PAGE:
Jordan Hall: How To Listen To Machines: Songs for Violin & Noise
Jordan Hall

Jordan Hall brings a rather remarkable CV to this eighteen-minute EP: as a thirteen-year-old violin soloist, he had his concert debut playing Mendelssohn's Violin Concerto in E Minor with the St. Paul Chamber Orchestra. He's also performed by invitation for a former US President and First Lady and at the Kennedy Center for the opening of a James Wyeth exhibition. Currently a a PhD Candidate at NYU, Hall's classical horizons expanded when a 2006 move to New York City brought with it a corresponding introduction to the incredible kaleidoscope of industrial reverberations that's so much a part of the city. Whereas for some its ‘noise pollution' might be cause for dismay, for Hall it represented a tantalizing world of possibilities, which ten years later he literally integrated into his creative practice when he began recording the city's sounds on his iPhone to merge them with his violin playing.

In the wrong hands, such a project could end up being little more than a gimmick, an interesting experiment but nothing more. Hall, on the other hand, smartly realized early on that musical material of substance would be needed for the project to turn into something of value, and consequently, though all four settings on this free-to-download EP feature nothing more than violin and recordings of machinery, each one holds up perfectly well as a vibrant, imaginative composition. So while “Stand Clear of the Closing Doors in A Major” does, for example, begin with the sounds of an MTA Brooklyn-bound L Train—a two-note alert signaling the doors' closing and their subsequent latching—Hall wisely used them as springboards for his musical inventions when the notes (C# and A) and latching morph into the violin's rapturous melody and the track's lilting rhythmic thrust.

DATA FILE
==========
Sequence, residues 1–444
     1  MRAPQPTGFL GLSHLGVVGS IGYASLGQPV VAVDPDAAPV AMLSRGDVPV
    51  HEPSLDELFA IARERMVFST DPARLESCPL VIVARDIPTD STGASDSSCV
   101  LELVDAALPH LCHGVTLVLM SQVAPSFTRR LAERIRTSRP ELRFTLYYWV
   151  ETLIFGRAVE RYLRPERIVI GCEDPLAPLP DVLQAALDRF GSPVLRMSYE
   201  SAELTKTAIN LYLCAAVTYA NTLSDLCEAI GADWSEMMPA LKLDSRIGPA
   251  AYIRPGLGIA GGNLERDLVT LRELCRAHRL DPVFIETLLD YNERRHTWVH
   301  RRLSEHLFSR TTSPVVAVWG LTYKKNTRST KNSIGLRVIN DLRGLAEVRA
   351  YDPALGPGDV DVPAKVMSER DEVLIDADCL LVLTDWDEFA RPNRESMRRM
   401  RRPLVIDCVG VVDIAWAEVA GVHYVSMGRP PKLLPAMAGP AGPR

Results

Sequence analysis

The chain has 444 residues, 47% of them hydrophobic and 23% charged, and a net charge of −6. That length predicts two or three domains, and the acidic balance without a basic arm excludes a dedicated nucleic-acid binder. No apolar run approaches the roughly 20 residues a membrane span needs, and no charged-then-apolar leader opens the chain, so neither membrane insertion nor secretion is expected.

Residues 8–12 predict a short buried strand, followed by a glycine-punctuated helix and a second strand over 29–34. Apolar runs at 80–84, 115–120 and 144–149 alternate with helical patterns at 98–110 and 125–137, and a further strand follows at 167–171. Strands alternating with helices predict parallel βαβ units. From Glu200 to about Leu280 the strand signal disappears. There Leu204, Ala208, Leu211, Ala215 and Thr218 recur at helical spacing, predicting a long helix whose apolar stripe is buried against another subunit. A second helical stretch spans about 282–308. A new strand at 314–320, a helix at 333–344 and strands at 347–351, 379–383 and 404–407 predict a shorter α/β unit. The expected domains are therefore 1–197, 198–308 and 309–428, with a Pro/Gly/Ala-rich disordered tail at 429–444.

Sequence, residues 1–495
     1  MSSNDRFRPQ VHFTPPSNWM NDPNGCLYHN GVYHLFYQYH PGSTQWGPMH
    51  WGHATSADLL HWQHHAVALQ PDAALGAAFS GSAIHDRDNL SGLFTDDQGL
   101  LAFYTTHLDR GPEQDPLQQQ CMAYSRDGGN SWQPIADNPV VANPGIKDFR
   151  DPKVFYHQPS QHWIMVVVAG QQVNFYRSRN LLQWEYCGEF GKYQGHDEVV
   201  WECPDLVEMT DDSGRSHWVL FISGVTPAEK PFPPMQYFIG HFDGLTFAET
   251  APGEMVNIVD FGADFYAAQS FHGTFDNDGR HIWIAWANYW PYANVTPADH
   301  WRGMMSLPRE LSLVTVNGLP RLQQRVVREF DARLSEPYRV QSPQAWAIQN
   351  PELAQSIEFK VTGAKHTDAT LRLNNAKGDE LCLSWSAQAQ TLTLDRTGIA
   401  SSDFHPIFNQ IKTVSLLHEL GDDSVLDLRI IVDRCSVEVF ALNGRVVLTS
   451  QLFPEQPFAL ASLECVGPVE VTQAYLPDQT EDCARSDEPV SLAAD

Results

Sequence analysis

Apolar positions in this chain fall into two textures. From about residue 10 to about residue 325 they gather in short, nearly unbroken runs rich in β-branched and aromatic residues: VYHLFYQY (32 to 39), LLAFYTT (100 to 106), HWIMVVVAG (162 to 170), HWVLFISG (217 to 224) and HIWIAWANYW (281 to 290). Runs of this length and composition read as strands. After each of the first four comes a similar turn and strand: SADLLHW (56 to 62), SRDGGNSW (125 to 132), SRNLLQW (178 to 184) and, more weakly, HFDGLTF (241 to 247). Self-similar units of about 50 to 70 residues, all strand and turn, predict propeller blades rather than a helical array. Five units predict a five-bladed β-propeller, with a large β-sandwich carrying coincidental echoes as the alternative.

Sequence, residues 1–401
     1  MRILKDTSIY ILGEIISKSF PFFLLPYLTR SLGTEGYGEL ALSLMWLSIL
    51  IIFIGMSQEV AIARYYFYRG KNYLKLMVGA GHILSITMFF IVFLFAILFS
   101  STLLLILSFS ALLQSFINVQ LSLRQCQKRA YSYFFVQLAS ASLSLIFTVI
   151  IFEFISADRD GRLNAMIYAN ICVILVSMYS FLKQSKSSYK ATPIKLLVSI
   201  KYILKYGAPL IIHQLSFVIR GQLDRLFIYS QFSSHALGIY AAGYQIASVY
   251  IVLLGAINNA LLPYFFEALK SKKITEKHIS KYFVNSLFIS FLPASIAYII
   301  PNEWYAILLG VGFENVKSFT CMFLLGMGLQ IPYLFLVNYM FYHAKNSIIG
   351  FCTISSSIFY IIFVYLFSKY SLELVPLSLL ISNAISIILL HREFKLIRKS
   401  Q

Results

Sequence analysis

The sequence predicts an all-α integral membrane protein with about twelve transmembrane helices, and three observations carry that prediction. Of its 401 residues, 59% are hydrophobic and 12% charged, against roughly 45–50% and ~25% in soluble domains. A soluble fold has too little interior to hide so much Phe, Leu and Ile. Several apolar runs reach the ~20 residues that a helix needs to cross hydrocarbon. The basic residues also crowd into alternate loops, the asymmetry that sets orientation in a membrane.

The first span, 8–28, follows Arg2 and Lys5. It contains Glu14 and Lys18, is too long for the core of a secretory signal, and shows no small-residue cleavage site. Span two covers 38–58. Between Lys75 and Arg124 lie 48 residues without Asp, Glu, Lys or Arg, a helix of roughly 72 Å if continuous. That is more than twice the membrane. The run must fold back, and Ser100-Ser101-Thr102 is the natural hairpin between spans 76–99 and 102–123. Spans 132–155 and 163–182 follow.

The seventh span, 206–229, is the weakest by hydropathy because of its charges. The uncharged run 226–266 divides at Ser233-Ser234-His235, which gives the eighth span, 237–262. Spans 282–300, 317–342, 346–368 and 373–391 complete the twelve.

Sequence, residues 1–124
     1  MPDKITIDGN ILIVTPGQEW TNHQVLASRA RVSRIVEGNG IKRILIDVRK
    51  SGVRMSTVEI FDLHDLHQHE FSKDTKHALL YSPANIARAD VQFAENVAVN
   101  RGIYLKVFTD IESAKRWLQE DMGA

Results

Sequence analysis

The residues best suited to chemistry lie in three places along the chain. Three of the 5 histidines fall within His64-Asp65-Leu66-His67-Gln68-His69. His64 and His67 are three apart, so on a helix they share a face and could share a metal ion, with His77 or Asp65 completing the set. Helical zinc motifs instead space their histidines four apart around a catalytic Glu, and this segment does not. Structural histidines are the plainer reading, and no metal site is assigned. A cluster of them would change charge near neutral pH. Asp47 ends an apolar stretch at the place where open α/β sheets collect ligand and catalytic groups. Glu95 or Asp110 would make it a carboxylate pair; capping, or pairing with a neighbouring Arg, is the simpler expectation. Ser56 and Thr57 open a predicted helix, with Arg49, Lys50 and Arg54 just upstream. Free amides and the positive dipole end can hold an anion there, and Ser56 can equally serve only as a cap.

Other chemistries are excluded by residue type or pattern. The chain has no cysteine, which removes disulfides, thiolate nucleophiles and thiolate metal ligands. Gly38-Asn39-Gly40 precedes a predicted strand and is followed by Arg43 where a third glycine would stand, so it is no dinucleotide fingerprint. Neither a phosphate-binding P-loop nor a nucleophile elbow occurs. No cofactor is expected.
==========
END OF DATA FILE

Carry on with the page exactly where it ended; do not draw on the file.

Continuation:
The rumbling resonance of a drugstore fan inspired “Refrigeration Fan in E Flat Major” when Hall transformed the object's sixteenth-note rhythm into an uptempo flurry of multi-layered violins, the agitated ones underneath forming a cushion to the keening lines above. As the material works itself into a hoedown-styled lather, the fan returns, its punctuations reshaped to suggest the rising swell of orchestral timpani. Hall recorded the power generator in “Film Set Generator in D Minor” when he happened upon a film shoot near Manhattan's Flatiron building and couldn't resist threading the machine's aggressive growl into a melodically rich construction. Illustrative of his approach, “Jay Street-MetroTech Station in E Major” might have drawn for inspiration from humming noises recorded at the Brooklyn metro station Jay Street-MetroTech, but the track is ultimately more about the plaintive theme at its center and the insistent rhythmic design the violinist builds up around it. It's not insignificant that though the real-world elements are fundamental to the piece's physical and conceptual design, they constitute a much smaller overall portion than the violin playing, and much the same could be said of all four settings on this strong EP showing.

April 2017